“I don’t think so. They haven’t lost a missionary in eleven years.”
“What about a lawyer?”
“I’m sure they would enjoy filleting one. Come on, Nate. This is not heavy lifting. If I weren’t so busy, I’d love to go. The Pantanal is a great ecological reserve.”
“I’ve never heard of it.”
“That’s because you stopped traveling years ago. You went into your office and didn’t come out.”
“Except for rehab.”
“Take a vacation. See another part of the world.”
Nate sipped coffee long enough to redirect the conversation. “And what happens when I get back? Do I have my office? Am I still a partner?”
“Is that what you want?”
“Of course,” Nate said, but with a slight hesitation.
“Are you sure?”
“What else would I do?”
“I don’t know, Nate, but this is your fourth rehab in ten years. The crashes are getting worse. If you walked out now, you’d go straight to the office and be the world’s greatest malpractice litigator for six months. You’d ignore the old friends, the old bars, the old neighborhoods. Nothing but work, work, work. Before long you’d have a couple of big verdicts, big trials, big pressure. You’d step it up a notch. After a year, there would be a crack somewhere. An old friend might find you. A girl from another life. Maybe a bad jury gives you a bad verdict. I’d be watching every move, but I can never tell when the slide begins.”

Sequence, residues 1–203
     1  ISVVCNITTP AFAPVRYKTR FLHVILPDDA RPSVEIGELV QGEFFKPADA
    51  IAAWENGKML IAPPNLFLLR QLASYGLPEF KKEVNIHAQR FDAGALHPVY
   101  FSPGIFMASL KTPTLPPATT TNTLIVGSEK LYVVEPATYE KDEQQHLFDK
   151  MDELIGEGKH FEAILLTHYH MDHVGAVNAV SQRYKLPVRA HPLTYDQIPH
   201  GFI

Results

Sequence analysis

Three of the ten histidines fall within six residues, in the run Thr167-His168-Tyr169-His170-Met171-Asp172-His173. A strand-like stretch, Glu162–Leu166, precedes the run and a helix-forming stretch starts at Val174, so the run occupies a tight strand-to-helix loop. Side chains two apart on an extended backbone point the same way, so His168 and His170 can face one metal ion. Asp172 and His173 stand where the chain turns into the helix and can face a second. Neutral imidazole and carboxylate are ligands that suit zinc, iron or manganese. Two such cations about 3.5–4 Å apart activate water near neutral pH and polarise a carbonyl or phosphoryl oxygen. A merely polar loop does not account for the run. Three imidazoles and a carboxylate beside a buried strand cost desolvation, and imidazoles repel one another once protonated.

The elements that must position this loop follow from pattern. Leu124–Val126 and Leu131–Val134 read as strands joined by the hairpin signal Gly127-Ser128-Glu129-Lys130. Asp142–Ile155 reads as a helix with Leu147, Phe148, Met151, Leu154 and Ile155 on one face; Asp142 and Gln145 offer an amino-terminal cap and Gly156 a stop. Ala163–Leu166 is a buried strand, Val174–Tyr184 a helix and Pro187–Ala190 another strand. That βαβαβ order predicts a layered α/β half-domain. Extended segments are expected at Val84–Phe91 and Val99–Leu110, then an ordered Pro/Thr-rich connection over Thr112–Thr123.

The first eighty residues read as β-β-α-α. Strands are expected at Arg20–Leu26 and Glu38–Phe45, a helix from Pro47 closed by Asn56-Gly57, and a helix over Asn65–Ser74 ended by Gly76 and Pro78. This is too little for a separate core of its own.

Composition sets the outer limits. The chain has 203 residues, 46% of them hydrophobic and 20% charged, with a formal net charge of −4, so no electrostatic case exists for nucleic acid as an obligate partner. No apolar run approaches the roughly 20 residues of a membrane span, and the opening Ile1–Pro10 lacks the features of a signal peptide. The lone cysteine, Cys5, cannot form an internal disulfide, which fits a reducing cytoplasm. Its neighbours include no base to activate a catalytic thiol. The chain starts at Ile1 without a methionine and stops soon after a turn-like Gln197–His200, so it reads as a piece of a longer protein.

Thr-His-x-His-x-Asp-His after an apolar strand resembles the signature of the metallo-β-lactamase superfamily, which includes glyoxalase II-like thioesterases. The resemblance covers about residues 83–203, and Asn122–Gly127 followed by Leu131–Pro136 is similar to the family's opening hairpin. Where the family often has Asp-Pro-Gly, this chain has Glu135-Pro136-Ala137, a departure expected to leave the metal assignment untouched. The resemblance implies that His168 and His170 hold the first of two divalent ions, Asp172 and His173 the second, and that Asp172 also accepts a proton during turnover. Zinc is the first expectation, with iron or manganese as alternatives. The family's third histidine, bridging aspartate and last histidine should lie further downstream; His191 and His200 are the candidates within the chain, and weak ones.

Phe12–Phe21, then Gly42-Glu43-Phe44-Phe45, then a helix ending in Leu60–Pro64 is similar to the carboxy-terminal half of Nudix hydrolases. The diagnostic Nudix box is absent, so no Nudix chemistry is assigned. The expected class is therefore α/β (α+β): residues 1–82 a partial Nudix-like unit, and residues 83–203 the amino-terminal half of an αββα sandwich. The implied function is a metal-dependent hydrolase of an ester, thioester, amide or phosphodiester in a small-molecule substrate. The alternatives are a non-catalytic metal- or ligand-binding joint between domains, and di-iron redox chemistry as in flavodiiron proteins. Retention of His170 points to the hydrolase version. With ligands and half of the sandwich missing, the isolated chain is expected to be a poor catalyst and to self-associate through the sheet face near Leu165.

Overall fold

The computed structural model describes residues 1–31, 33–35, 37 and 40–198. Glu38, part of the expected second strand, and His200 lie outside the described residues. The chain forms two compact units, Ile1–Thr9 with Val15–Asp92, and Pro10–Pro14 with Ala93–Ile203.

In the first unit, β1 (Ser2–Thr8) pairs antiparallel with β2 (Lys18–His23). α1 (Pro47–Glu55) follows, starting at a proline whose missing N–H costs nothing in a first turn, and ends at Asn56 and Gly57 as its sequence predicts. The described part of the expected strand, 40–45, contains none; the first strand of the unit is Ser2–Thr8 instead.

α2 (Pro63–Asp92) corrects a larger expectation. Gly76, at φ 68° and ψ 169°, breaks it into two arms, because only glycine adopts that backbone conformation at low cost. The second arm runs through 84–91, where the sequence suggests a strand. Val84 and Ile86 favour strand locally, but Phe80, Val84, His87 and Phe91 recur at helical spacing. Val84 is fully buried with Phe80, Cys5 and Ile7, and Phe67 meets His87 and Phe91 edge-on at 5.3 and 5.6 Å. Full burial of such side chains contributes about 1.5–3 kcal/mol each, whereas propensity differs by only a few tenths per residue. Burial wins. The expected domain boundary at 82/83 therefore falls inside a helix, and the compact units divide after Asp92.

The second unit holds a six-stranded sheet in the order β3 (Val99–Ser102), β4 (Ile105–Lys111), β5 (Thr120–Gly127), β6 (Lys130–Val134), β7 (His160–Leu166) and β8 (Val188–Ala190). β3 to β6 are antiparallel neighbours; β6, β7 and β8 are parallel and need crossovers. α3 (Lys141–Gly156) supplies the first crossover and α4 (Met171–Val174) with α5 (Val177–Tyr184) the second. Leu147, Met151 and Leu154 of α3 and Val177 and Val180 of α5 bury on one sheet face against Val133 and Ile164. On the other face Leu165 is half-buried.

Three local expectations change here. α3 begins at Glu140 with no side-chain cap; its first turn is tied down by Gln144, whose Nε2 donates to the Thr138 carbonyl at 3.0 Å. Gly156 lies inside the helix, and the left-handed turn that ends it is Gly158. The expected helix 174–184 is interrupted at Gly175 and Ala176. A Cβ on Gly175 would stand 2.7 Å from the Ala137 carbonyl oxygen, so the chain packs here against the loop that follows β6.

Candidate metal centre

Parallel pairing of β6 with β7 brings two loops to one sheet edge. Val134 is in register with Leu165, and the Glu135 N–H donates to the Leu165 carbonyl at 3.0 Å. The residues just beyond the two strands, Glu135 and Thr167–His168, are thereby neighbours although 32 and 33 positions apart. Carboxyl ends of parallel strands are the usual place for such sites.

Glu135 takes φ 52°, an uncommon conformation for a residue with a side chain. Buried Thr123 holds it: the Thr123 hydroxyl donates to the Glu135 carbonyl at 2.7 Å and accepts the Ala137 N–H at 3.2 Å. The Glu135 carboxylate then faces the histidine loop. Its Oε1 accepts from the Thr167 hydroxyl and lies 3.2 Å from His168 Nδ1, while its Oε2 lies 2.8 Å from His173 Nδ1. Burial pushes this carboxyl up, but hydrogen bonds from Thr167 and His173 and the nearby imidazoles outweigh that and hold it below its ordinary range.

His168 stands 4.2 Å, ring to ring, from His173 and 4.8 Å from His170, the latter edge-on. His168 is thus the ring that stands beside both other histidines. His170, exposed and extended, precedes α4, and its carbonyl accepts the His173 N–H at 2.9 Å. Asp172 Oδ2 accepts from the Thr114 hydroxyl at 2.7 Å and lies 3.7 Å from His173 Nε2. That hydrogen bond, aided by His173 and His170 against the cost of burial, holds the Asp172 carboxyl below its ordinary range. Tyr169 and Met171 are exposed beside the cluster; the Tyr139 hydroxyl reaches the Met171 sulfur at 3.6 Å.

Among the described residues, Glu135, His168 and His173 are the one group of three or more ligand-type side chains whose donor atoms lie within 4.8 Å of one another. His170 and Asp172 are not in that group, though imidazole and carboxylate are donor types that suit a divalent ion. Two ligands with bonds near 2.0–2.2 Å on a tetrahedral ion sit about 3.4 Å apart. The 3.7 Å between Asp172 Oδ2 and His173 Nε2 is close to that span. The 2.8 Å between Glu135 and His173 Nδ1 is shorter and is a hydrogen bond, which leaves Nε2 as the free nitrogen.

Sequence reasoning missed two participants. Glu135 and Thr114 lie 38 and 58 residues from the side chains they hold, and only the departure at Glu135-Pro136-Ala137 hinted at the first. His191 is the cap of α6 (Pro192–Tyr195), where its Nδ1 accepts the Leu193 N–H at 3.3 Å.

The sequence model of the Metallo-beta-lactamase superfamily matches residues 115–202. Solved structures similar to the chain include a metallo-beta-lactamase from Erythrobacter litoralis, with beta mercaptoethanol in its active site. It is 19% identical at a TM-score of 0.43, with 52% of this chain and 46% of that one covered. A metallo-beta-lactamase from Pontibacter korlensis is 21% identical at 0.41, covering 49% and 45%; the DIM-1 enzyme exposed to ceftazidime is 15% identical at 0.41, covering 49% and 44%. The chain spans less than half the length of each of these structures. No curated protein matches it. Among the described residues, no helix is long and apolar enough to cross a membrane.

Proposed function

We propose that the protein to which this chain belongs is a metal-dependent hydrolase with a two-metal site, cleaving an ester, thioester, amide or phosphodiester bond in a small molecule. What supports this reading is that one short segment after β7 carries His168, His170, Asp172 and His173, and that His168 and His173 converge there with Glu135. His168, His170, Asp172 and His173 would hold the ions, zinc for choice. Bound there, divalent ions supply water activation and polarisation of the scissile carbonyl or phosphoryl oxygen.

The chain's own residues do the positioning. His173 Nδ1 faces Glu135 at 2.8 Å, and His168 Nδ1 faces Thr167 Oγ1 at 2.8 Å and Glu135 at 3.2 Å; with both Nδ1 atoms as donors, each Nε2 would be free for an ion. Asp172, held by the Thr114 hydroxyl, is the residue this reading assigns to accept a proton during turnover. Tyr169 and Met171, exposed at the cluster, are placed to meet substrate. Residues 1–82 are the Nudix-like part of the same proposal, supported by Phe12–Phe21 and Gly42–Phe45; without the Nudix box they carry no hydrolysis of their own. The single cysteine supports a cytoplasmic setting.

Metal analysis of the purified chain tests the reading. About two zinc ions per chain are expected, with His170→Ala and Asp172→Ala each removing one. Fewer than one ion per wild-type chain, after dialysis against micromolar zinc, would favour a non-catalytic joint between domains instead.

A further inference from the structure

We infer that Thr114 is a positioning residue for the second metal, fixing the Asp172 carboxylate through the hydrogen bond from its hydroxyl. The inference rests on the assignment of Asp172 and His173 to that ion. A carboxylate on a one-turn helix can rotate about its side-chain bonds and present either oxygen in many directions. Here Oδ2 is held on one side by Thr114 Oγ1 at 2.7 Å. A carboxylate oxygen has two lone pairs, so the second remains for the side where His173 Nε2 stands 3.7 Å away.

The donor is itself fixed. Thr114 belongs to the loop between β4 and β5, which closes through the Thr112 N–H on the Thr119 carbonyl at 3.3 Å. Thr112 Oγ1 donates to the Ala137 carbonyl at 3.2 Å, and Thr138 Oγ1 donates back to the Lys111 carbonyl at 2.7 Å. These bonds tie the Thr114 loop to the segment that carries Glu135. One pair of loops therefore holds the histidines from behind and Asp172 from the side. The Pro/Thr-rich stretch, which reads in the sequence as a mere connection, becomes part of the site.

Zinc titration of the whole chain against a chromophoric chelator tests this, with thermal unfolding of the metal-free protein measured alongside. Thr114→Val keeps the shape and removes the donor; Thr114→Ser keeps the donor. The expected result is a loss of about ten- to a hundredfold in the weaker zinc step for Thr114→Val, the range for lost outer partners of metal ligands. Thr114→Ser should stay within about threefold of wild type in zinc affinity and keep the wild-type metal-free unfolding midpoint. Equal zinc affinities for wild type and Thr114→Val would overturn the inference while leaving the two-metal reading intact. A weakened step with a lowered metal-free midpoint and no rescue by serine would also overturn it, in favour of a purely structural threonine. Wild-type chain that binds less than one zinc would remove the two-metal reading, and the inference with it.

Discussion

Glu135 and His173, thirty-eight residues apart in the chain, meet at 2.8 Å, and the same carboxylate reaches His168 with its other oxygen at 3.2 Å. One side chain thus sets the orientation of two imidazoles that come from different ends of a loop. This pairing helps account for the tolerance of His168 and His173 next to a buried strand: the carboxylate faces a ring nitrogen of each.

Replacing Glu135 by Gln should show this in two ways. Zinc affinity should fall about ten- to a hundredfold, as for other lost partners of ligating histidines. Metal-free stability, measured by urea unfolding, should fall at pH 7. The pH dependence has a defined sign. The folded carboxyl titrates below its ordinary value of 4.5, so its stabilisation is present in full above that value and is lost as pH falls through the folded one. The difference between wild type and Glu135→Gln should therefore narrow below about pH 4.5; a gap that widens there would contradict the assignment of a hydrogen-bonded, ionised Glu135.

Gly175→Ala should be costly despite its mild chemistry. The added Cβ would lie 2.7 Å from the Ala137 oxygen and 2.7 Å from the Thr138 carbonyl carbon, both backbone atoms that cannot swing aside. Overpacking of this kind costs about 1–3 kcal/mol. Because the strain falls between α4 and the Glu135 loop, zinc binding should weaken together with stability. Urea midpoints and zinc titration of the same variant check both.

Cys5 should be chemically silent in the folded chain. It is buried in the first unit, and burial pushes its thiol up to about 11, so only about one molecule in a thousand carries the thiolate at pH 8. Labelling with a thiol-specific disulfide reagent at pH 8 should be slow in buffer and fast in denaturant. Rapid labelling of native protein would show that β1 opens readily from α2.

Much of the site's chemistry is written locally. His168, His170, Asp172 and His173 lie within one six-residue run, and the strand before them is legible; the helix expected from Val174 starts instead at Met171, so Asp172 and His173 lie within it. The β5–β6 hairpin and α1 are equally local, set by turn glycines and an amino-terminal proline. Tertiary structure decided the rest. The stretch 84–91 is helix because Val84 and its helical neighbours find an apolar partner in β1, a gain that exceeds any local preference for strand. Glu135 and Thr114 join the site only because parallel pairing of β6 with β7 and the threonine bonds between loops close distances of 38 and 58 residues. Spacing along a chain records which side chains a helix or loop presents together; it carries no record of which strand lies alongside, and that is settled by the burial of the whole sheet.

“No more slides, Josh. I swear.”
“I’ve heard it before, and I want to believe you. But what if your demons come out again, Nate? You came within minutes of killing yourself last time.”
“No more crashes.”
“The next one will be the last, Nate. We’ll have a funeral and say good-bye and watch them lower you into the ground. I don’t want that to happen.”
“It won’t, I swear.”
“Then forget about the office. There’s too much pressure there.”